Live reviews

Tanz&FolkFest Rudolstadt 2010, Rudolstadt, Thuringia, Germany, 2-4 July 2010

[by Ken Hunt, London] In July 1991, the first year that Tanz&FolkFest Rudolstadt was staged, just like the 2010 ‘edition’, it took place under blue skies in baking temperatures. The 1991 bill served up plenty of scope for serendipitous discoveries of the new kind and reacquainting oneself with familiar acts. Bernhard Hanneken’s festival programming for the 2010 festival did something similar in spades – only to surfeit degrees (let’s not talk of lampreys) – with 27 stages scattered over the town.

22. 8. 2011 |

Asha Bhosle & Shujaat Khan, Royal Festival Hall, London, 16 March 2011

[by Ken Hunt, London] By any standard, she is one of the greats of popular music. He is, in my opinion and that of many others’, the finest sitarist of his generation, with a work ethic and melodicism drilled into him through studying sitar with his father, the legendary – for once the word is deserved – Vilayat Khan and working as a Bollywood session musician.

15. 8. 2011 |

The Great Folk Jukebox, Queen Elizabeth Hall, London, 7 May 2011

[by Ken Hunt, London] The Great Folk Jukebox was billed as “A Tribute to Singing Englishmen with Marc Almond, Bishi, Green Gartside, Bella Hardy, Robyn Hitchcock, Lisa Knapp, Oysterband & June Tabor” (with, as the Oysters’ John Jones quipped, “the beast that is Bellowhead” – nine thereof – as house band). The ‘Singing Englishmen’ part was a doffing of the cap to a Festival of Britain concert held on 1 June 1951.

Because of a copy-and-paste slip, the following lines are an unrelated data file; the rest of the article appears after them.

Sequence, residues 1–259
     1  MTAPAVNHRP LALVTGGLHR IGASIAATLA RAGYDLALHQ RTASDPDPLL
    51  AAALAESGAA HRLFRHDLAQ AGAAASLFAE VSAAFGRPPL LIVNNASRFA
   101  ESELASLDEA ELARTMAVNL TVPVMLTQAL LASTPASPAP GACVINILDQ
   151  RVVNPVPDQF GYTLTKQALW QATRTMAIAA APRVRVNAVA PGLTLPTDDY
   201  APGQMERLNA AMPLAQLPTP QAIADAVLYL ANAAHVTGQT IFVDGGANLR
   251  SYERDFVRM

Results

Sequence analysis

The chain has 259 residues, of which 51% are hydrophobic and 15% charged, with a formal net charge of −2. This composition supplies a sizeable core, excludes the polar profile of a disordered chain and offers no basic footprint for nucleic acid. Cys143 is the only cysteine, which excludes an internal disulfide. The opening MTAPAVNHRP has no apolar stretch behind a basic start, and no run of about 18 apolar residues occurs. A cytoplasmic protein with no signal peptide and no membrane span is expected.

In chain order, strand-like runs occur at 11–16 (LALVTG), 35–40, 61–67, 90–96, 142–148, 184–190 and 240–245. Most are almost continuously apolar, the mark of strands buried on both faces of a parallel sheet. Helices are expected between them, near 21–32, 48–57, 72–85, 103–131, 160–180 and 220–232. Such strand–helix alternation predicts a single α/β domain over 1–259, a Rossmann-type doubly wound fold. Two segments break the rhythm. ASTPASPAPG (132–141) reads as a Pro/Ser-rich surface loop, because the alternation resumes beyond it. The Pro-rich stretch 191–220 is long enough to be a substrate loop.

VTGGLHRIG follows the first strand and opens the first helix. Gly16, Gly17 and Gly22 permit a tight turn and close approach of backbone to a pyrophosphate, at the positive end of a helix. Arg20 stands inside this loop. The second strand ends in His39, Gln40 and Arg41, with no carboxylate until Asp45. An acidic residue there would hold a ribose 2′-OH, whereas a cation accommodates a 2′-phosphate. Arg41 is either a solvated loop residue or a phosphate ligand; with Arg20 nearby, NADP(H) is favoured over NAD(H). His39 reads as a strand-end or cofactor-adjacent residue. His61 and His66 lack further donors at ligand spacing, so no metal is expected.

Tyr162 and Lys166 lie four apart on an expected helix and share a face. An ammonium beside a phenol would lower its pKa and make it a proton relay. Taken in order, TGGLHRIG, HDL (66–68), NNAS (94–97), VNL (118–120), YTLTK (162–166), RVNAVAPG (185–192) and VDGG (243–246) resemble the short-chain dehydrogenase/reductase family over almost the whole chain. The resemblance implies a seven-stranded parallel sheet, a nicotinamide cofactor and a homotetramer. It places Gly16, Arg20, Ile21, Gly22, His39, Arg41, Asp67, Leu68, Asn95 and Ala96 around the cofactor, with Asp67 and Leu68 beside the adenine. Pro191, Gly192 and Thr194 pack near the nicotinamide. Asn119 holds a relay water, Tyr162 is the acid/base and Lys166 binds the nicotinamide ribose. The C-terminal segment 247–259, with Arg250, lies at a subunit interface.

8. 8. 2011 |

Piotr Wyleżoł Quintet with Adam Pierończyk & David Dorůžka, Purcell Room, London, 30 May 2010

[by Ken Hunt, London] Nigel Kennedy’s late May 2010 flourish, his Polish Weekend at the Southbank Centre, brought together an array of Polish jazz and musical talent that included Kennedy’s Orchestra of Life (playing Bach and Ellington), Robert Majewski, Anna Maria Jopek and Jarek —mietana. Tucked away in the early Sunday afternoon slot was the Piotr Wylezol Quintet. A relatively recent development, aside from the band’s pianist-leader, it comprised Krzysztof Dziedzic on kit drums and Adam Kowalewski on double-bass, their fellow countryman Adam Pieroeczyk on soprano and tenor saxes and the Czech composer David Dorůžka on electric guitar.

25. 7. 2011 |

Marry Waterson and Oliver Knight, Royal Oak, Station Street, Lewes, Sussex, 5 May 2011

[by Ken Hunt, London] The Royal Oak is home to one of the finest folk clubs in the south of England. It epitomises so much about the English folk club set-up. It takes place on Thursdays while not far away the Elephant & Castle at White Hill in Lewes hosts the weekend Lewes Saturday Folk Club. The Royal Oak’s guests regularly include the cream of established of artists. Between March and May 2011 bills featured Tom Paley, Martin Carthy & Chris Parkinson, Jez Lowe and Tim Laycock as the main guests. Yet it is one of those clubs, like Sheila Miller’s Cellar Upstairs folk club in Camden in north London, like Sheila Miller’s Cellar Upstairs folk club in Camden in north London, that balances established and new acts so well. This night the honours fell to Marry Waterson and Oliver Knight.